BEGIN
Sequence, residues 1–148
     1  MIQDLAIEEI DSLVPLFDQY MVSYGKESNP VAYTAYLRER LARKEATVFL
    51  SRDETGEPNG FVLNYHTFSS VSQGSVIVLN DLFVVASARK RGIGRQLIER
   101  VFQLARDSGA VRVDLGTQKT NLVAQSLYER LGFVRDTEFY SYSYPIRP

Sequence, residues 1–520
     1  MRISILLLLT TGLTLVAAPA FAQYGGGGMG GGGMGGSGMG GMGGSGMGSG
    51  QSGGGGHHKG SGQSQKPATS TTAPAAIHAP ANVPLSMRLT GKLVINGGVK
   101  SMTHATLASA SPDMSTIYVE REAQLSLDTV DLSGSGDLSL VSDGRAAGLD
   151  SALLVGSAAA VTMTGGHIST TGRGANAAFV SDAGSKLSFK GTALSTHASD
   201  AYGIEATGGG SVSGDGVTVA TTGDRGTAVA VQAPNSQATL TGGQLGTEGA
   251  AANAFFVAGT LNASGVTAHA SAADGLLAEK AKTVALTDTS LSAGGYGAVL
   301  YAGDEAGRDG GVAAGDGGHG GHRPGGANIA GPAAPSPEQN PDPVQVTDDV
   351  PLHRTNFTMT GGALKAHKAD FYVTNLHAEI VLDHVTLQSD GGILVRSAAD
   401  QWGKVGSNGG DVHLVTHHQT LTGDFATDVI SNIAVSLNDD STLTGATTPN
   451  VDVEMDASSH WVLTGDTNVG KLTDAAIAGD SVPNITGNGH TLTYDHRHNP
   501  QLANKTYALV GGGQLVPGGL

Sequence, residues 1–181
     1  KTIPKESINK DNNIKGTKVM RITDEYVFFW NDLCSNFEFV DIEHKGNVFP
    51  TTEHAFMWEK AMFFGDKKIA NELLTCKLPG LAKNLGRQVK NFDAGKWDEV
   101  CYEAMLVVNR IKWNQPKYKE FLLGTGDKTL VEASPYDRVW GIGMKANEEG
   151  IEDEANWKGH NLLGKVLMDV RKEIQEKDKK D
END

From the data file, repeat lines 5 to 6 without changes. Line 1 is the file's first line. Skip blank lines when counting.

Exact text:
Sequence, residues 1–520
     1  MRISILLLLT TGLTLVAAPA FAQYGGGGMG GGGMGGSGMG GMGGSGMGSG